Sam Berns

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Sam Berns
Sam Berns at TEDx Talks 2013.png
at a 2013 Washington, D.C. venue via TEDx MidAtlantic
Born Sampson Gordon Berns
(1996-10-23)October 23, 1996
Providence, Rhode Island
Died January 10, 2014(2014-01-10) (aged 17)
Foxborough, Massachusetts, U.S.
Cause of death Progeria
Nationality American
Education Foxborough High School
Known for HBO documentary on progeria, spreading progeria awareness
Parent(s) Scott Berns
Leslie Gordon

Sampson Gordon "Sam" Berns (October 23, 1996 – January 10, 2014) was an American teen who had progeria and helped raise awareness about the disease.[1][2] He was the subject of the HBO documentary Life According to Sam, which was first screened in January 2013. He died one year later,[1][3] after appearing in a TEDx Talks video titled "My philosophy for a happy life."[4]

Progeria Research Foundation[edit]

His parents, Scott Berns and Leslie Gordon, both pediatricians, received their son's diagnosis when he was less than two years of age.[5] Roughly a year later, they established the Progeria Research Foundation[6] in an effort to increase awareness of the condition, to promote research into the underlying causes of and possible treatments for the disease, and to offer resources for the support of sufferers and their families.[1][7][8]

Scott Berns and Leslie Gordon, the parents of Sam, at the Peabody Award ceremony.

Honors[edit]

Boston Bruins[edit]

On November 9, 2013, the Boston Bruins welcomed Berns to drop the ceremonial first puck for a game against the Toronto Maple Leafs. He helped host Progeria Awareness Night at the TD Garden in Boston, dropping the ceremonial puck, serving as Assistant Equipment Manager for the team, and watching their warmups from the team's bench. Berns and Zdeno Chára, the Bruins captain, had been strong friends since 2006, when Berns attended a Bruins game and met Chára afterwards. Chára had scored in that game and Berns blurted out "You're the hero!". Chára responded: "No, no, you're my hero, our hero."[9][10]

Before the puck dropped on Tuesday, January 14, 2014, the Bruins honored Berns with a moment of silence and a video tribute.[11]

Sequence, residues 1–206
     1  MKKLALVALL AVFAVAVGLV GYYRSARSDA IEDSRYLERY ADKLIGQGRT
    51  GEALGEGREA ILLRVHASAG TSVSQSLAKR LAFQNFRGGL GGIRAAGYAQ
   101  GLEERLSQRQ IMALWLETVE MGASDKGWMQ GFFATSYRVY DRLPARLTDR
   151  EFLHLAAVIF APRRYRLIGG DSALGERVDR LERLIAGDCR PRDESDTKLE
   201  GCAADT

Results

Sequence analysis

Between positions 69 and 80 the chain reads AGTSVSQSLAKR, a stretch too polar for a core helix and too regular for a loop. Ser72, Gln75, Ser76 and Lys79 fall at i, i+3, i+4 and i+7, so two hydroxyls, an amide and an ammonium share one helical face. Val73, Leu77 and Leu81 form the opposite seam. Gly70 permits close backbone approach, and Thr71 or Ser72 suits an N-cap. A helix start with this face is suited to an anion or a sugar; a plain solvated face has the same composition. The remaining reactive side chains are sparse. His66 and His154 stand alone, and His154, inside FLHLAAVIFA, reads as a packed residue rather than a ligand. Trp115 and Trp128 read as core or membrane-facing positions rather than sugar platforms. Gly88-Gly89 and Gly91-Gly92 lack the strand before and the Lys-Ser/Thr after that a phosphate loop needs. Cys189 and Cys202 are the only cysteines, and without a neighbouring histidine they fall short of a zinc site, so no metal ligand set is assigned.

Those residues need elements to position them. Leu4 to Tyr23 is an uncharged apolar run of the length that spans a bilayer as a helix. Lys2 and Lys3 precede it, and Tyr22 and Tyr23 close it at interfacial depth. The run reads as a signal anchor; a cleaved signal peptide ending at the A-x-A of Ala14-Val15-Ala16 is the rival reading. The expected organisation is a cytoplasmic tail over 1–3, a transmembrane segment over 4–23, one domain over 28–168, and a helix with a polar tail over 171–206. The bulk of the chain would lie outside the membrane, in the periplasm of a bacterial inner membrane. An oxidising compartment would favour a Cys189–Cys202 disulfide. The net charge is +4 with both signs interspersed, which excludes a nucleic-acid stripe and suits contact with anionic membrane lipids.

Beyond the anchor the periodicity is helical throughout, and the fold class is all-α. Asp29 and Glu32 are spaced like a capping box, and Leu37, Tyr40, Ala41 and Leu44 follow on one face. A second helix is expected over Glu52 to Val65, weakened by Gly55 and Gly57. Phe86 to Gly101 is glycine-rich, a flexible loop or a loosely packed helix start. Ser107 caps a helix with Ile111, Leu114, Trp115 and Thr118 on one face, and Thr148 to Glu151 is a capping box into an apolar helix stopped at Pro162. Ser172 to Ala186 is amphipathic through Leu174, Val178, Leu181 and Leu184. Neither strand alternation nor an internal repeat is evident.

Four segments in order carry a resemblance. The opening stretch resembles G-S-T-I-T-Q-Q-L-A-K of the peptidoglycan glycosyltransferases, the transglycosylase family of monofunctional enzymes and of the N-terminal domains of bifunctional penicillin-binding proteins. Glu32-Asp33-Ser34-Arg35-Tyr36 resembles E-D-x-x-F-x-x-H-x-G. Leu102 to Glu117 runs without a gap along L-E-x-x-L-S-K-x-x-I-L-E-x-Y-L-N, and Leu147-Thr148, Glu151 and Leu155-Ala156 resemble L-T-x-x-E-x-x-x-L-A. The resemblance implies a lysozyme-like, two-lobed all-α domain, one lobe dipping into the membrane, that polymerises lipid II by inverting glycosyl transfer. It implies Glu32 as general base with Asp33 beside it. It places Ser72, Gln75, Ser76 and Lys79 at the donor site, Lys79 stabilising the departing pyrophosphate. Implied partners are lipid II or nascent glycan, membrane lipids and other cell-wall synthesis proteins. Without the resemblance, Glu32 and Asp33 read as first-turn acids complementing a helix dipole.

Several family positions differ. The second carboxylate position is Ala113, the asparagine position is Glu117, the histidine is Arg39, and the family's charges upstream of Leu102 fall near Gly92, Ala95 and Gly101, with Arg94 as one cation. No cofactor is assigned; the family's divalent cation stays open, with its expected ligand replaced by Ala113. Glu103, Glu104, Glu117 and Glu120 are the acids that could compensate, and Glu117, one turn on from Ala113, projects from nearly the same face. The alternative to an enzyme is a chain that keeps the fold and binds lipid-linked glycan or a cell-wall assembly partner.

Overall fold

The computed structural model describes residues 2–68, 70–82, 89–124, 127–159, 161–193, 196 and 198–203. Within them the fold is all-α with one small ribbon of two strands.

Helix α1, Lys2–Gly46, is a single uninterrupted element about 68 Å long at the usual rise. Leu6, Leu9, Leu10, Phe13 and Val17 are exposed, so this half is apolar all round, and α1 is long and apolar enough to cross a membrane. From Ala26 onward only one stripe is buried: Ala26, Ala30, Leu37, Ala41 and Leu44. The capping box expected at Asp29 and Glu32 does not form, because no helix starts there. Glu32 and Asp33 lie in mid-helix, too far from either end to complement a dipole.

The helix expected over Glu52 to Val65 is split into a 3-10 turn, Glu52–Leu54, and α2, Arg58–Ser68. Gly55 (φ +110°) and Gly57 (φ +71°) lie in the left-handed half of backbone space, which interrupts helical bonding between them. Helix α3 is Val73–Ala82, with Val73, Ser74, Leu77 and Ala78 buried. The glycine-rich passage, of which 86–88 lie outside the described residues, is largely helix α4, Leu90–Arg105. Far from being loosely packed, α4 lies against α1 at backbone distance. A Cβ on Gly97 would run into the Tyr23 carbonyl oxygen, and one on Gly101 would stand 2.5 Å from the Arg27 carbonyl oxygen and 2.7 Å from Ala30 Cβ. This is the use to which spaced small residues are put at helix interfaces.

New England Patriots[edit]

Berns was to be an honorary captain when the New England Patriots hosted the Indianapolis Colts in a divisional playoff game on January 11, 2014; however, he died on January 10, the evening before the game.[12][13][14]

Patriots Chairman and CEO Robert Kraft issued a statement on the news of the passing of Berns.[15]

TED Talk, Sam Berns[edit]

"My Philosophy for a Happy Life" was recorded in 2013 by Sam Berns at the TEDxMidAtlantic[16] and has been viewed over 30 million times (as of July 2018).[17][18][19]

Life According to Sam[edit]

Life According to Sam is a 2013 documentary film based on the life of Sam Berns and has been shown at film festivals, including Sundance, and it was broadcast on HBO in October. The Academy of Motion Picture Arts and Sciences said it is among 15 documentaries considered for Oscar nominations.[20][21][22]

National Institutes of Health, dedication to Sam Berns[edit]

Dr. Francis Collins, the director of the NIH, made a heartfelt statement after the sudden passing of Sam. [23]

See also[edit]

References[edit]

  1. ^ a b c Fox, Margalit (January 13, 2014). "Sam Berns, 17, Public Face of a Rare Illness, Is Dead". The New York Times. Retrieved January 14, 2014.
  2. ^ "The Short, Remarkable Life of Sam Berns Turned Spotlight on Progeria". news.nationalgeographic.com. Retrieved January 14, 2014.
  3. ^ "Sam Berns, Star of Life According to Sam, Dies at Age 17 – Regina Weinreich". The Huffington Post. Retrieved January 14, 2014.
  4. ^ Sam Berns (December 13, 2013). "My philosophy for a happy life". YouTube. TEDx Talks. Retrieved November 2, 2015.
  5. ^ "Progeria Research Foundation - Our Story". Progeria Research Foundation. Progeria Research Foundation. Retrieved 15 January 2014.
  6. ^ "Progeria Research Foundation - Quick Facts". Progeria Research Foundation. Progeria Research Foundation. Retrieved 15 January 2014.
  7. ^ Berman, Michele R. (October 16, 2013). "Life According To Sam Berns". MedPage Today. Retrieved January 14, 2014.
  8. ^ Titunik, Vera (October 2, 2012). "Revisiting Sam Berns". The New York Times Magazine. Archived from the original on December 29, 2014. Retrieved January 14, 2014.
  9. ^ "Sam Berns, public face of progeria, to be honored by Bruins". Sporting News. 14 Jan 2014. Retrieved 25 Nov 2014.
  10. ^ "Remembering Sam- Boston Bruins". 14 Jan 2014. Retrieved 25 Nov 2014.
  11. ^ "Remembering Sam". nhl.com.
  12. ^ Steve Buckley. "Robert Kraft: I fell in love with Sam Berns". bostonherald.com.
  13. ^ "New England Patriots fans dedicate win to teen, Sam Berns, who died of rare aging disease - Daily Mail Online". Mail Online.
  14. ^ "Sam G. Berns's Obituary on New York Times". New York Times. Retrieved June 29, 2017.
  15. ^ "Statement from Robert Kraft on the passing of Sam Berns". New England Patriots.
  16. ^ "TEDxMidAtlantic". tedxmidatlantic.com. Retrieved June 29, 2017.
  17. ^ TEDx Talks (December 13, 2013). "My philosophy for a happy life - Sam Berns - TEDxMidAtlantic". Retrieved June 29, 2017 – via YouTube.
  18. ^ Fox, Margalit (January 13, 2014). "Sam Berns, 17, Public Face of a Rare Illness, Is Dead". Retrieved June 29, 2017 – via NYTimes.com.
  19. ^ Henig, Robin Marantz. "The Short, Exuberant Life of Sam Berns". The 6th Floor Blog. Retrieved June 29, 2017.
  20. ^ "Life According to Sam". Retrieved June 29, 2017.
  21. ^ "Life According to Sam (2013)". Retrieved June 29, 2017.
  22. ^ Robin Marantz Henig (2005-01-30). "Racing With Sam". The New York Times. Retrieved 2017-06-30.
  23. ^ https://directorsblog.nih.gov/2014/01/12/in-memory-of-sam-berns/

External links[edit]